I am a criminal defense attorney because Defendants are not numbers, they are human beings. They are community members, family, and friends and they deserve a voice. They are often frightened, confused, and nervous and they deserve comfort, support, and zealous advocacy. A person is neither defined at their lowest point, nor by the crime someone accuses them of committing. We are all better than that. We all deserve to be treated as our best.
Although I decided to become a criminal defense attorney when I was 16 years old, it took me 25 years to become that person. When I was a juvenile, I had the misfortune of finding my way into the justice system. Although my trouble was minor, I was afraid. I had never been in this situation and neither had my parents. My attorney answered our questions, provided support, and, most important, fought for me. I walked away from that experience wanting to help others caught in the justice system, like my attorney did for me.
While in law school, I had the opportunity to work as a certified student attorney with a county prosecutor’s office. I remember how in my interview I talked about wanting to protect public safety while upholding the constitutional rights of defendants. After law school, I landed a job prosecuting at the State level. As a prosecutor, it is easy to get caught up in group think. You feel good about your role in “protecting public safety.” Doing your job effectively often means dehumanizing defendants by viewing them as the crime they are accused of rather than the person they are, and their rights can get lost in the shuffle. Having a view of “justice” that differs from your colleagues is difficult and your discretion to do the right thing is never boundless. Your boss is an elected official and the public, driven by newspaper headlines and sensationalized local news, has a hard time sympathizing with “criminals.”
Please understand that I am not saying prosecutors are bad people. I have many friends who are prosecutors, and they are good people with strong morals. But my moral compass steered me in a different direction – back to the lawyer I dreamed to be as a 16-year-old kid. People sometimes ask how morally I can defend “criminals.” My answer is always the same, it’s easier to stand up for the rights our Constitution affords ALL individuals, than throw a human being behind bars for someone else’s version of “justice.”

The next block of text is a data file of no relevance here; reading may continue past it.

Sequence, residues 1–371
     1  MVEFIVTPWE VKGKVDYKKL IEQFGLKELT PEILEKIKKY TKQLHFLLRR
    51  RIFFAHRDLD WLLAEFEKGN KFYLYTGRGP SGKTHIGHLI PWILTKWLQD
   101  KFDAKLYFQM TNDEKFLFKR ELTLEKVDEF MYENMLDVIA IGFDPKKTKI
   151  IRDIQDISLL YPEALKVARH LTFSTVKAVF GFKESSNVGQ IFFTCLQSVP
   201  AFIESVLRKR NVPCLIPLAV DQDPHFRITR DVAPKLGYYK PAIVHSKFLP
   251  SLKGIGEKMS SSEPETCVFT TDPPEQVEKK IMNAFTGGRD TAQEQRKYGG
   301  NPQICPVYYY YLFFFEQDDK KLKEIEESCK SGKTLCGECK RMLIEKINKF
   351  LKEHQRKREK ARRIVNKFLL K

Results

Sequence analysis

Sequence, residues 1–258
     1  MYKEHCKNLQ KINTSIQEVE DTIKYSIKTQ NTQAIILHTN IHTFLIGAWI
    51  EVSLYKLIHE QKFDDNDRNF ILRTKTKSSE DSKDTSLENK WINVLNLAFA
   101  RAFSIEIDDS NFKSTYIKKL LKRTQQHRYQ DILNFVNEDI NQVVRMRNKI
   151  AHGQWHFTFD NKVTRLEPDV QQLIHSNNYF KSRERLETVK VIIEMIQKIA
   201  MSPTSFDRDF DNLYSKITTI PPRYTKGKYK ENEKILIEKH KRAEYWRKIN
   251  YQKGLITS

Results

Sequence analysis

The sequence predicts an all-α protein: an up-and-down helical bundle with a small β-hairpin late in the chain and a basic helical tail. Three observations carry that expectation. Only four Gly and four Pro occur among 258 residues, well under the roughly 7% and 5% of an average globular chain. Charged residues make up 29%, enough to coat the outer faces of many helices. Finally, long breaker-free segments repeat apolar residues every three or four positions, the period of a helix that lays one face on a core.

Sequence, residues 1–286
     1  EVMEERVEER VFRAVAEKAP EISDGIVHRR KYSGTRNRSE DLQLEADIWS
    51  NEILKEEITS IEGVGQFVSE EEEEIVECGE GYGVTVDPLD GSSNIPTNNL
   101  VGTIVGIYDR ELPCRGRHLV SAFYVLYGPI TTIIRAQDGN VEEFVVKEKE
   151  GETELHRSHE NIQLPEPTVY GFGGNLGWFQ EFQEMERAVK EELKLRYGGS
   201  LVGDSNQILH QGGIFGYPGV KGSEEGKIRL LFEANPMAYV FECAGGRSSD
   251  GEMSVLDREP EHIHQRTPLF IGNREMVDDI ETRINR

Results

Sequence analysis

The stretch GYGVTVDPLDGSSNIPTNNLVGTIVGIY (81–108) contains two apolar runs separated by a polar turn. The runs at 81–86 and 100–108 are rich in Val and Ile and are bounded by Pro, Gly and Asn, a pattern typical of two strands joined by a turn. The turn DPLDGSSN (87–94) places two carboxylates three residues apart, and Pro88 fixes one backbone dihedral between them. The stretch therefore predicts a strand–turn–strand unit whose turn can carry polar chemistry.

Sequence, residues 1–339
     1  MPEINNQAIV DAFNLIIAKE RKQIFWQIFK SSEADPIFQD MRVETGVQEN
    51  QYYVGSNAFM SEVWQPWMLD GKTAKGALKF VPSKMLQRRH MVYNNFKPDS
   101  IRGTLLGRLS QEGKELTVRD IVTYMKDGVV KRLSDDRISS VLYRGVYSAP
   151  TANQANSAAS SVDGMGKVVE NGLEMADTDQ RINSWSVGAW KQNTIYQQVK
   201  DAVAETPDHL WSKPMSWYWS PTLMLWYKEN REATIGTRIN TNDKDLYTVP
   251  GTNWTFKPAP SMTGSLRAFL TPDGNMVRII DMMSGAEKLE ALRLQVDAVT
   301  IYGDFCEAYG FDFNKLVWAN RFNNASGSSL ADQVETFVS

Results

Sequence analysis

My career experiences have given me many opportunities. I have had the fortune of many wins (and losses). I have appeared in over 60 of the 87 Minnesota county courts, argue cases in front of over a hundred judges, and argue numerous cases at the court of appeals. I even had the opportunity to appear in front of the same judge I appeared in front of as a juvenile defendant and to argue against the attorney that stood by my side and argued for me as a kid. I have been named a “Rising Star” by Super Lawyers and “Top 10, Under 40” by the National Association of Criminal Defense Attorneys. But I am proud to be an attorney, not because of these accomplishments, but because there is no better feeling and no better success than standing tall beside someone and fight for them. I get the fortune of seeing my clients as human beings. I hope 16-year-old Adam would be proud.